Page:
So recently we took a look at Colette, the forthcoming biopic of the French writer. It reminded me that there were other filmic things to discuss, and… how about we just begin and see where we end up?
I finally got my hands on The Surrender of Silence, the memoirs of Woolloomooloo’s own Ironfoot Jack previewed earlier in the year. So far it’s hilarious, its writer/subject being an all but unimprovable example of the chancer. It’s a tale of carnies, bohemians and vagrants told in drunken bar talk, encoded Polari, and the dynamic! copy! of back-of-the-mag advertising. Jack Neave has the odd distinction of being the first person to run a gay nightspot in Soho, now London’s pink heart – that would be the Caravan Club, which opened in 1934 and numbered Quentin Crisp among its patrons as QC himself relates in The Last Word. And if you’re in London you can find out more next month at an event dedicated to London Bohemia in which Colin Stanley, editor of The Surrender of Silence, will talk about Jack’s exploits. AND the ferrous footed one turns up as a character in Pablo Behrens’s forthcoming adaptation of the Colin Wilson novel Adrift in Soho, due in November. You can find out more here, and find out how they managed to create the atmosphere of post-war Soho on screen.
Early in the summer I caught Looking for Oum Kulthum, a film by Shirin Neshat (who also made Women Without Men) which is only parenthetically about the hyper-famous Egyptian singer, a work which in fact is a tacit admission that its purported subject cannot be contained by something as finite as a feature film. It’s an intriguing, odd, slightly airless film, more sumptuous and visually enveloping than I was expecting, with some beautifully framed and costumed shots of performances in old theatres and, needless to say, some exceptional music. The framing device is that an Iranian filmmaker, very much a stand-in for Neshat herself, has come to Egypt to film the life of the great singer, only to find unexpected intersections with her own path. Effective dreamlike sequences highlight the perilous endeavour of hunting ghosts, but even the more straightforward scenes have a slightly disjointed quality, with most of the dialogue in English – at best a second language for most of the actors.
It is always a pleasure to see people I’ve written about here make it to film. The eminently screen-worthy life of occultist rocket scientist Jack Parsons was recently turned into a TV series, Strange Angel. And I am very much looking forward to Gossamer Bridge, a documentary about beautiful, damned Harry Crosby. I know Harry’s life is in the hands of people who truly love his work and understand his persona, so this is not to be missed. The programme for the Strange Flowers film festival I carry around in my head is really coming together.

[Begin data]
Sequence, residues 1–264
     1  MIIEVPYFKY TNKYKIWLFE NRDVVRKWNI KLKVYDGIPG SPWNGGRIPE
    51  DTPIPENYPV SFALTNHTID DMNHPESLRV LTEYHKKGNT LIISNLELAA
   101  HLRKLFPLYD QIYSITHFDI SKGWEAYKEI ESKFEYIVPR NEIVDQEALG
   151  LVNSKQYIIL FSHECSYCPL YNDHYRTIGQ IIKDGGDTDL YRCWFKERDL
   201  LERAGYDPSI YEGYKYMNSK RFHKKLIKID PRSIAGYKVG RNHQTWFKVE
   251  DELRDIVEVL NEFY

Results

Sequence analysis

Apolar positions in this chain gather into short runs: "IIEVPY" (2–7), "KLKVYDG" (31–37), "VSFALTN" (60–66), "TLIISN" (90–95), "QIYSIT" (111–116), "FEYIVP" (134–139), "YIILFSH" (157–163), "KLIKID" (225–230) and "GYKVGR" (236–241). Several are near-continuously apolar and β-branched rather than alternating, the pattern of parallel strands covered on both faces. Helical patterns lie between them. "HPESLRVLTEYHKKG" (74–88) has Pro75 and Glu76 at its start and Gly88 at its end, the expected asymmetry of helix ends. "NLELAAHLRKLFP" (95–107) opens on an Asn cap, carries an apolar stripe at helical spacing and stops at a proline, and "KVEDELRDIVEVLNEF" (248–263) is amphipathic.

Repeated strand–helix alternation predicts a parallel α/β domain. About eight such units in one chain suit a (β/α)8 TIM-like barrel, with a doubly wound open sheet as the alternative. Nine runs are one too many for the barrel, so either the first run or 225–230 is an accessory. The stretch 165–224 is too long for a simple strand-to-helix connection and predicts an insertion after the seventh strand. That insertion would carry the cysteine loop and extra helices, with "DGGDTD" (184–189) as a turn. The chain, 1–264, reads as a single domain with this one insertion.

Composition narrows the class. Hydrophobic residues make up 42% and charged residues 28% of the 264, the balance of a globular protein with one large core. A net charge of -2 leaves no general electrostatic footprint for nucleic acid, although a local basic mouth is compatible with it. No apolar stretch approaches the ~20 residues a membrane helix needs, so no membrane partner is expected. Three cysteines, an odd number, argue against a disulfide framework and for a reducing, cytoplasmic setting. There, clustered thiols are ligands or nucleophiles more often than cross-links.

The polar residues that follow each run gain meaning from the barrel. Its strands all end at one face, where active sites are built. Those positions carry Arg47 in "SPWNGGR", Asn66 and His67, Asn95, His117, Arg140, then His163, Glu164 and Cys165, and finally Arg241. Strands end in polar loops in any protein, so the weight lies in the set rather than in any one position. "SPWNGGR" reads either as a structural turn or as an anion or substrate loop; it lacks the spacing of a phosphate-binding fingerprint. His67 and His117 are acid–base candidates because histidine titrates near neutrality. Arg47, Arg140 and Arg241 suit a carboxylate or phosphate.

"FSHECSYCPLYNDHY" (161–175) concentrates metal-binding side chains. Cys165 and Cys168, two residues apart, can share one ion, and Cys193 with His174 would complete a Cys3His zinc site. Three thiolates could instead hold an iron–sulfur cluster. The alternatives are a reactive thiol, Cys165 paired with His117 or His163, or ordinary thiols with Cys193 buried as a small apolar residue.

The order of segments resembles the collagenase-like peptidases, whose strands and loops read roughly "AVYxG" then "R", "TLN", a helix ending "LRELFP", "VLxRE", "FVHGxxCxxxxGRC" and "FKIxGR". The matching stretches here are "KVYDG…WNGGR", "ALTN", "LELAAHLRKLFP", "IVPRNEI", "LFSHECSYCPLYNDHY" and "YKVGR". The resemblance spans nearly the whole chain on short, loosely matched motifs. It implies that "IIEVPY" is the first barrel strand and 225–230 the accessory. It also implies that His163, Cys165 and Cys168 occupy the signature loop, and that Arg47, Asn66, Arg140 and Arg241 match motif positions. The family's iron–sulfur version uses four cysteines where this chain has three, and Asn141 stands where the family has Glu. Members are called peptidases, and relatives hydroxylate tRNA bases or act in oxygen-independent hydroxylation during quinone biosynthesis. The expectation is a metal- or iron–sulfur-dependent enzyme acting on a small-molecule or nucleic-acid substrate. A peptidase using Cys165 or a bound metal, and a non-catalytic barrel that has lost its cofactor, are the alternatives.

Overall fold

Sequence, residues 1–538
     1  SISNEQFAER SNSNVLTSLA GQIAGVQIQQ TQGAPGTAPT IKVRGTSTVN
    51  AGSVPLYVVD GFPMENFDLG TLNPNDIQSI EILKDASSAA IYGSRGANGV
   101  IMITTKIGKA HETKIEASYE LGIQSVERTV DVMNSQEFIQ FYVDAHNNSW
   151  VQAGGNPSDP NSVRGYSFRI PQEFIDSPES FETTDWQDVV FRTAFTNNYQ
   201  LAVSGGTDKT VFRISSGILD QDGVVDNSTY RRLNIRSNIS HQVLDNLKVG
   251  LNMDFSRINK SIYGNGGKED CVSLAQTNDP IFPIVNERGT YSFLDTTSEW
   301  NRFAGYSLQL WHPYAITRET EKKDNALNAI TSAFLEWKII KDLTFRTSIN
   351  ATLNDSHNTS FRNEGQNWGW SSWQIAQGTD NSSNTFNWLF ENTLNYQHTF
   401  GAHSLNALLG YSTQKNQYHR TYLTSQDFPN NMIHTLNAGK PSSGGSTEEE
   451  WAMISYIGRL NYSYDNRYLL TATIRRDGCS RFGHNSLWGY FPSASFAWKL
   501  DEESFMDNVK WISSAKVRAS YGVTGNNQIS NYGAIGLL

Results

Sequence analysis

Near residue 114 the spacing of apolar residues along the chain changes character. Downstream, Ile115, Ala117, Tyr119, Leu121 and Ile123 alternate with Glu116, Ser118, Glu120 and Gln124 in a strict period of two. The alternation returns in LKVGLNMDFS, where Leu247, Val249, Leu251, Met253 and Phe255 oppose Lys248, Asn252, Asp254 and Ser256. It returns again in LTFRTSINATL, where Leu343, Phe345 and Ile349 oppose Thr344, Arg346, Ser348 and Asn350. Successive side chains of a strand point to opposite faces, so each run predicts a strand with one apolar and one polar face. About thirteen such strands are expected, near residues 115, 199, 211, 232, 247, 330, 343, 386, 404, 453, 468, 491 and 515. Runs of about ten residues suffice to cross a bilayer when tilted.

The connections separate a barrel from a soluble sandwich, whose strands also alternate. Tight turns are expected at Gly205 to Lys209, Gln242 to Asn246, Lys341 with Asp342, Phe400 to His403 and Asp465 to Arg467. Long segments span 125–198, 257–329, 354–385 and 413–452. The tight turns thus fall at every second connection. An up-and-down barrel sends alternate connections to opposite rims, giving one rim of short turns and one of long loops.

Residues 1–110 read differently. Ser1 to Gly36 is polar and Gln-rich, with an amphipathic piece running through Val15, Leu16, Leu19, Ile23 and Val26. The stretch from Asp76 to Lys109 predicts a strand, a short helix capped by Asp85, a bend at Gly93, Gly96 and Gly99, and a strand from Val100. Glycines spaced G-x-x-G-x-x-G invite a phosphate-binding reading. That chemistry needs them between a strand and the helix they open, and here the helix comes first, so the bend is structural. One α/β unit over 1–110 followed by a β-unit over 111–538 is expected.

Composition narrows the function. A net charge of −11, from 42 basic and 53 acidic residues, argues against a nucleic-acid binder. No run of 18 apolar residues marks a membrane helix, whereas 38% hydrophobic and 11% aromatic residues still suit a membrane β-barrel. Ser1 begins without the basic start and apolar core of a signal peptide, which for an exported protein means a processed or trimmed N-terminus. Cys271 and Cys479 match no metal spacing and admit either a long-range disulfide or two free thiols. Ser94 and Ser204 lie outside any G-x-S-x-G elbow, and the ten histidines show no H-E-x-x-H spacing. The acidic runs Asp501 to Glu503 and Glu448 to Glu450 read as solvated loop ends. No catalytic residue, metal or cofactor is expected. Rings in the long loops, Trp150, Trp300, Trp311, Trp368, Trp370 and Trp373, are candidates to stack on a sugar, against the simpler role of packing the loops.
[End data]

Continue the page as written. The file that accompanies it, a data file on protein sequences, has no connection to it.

A tale that is not yet a feature film but definitely should be is told in Rupert Thomson’s Never Anyone But You. It is the hugely affecting account of the lives and love of Claude Cahun and Marcel Moore, told through the eyes of the latter. It follows them from tentative first love, the happy shock of their becoming step sisters, their contact with the Parisian avant-garde and finally their interrupted paradise on the island of Jersey, where they showed awe-inspiring bravery in the face of Nazi invaders. There is an occasional, forgivable awkwardness to the exposition (“what a lovely between-the-wars afternoon we’re having oh look there’s prominent Surrealist André Breton”; I exaggerate, but you get the idea). But the bond between the two – strained, unconventional yet ultimately tenacious – is powerfully depicted. Though its protagonists were intensely private, the story of their relationship is one of epic, indeed cinematic scope.
Oh, and if you want to know what I’ve been up to lately: my next translation for Rixdorf Editions is coming out in November – We Women Have no Fatherland by Ilse Frapan. And recently I got the opportunity to talk to Phillip Adams on Radio National in Australia about the whole endeavour – you can take a listen here.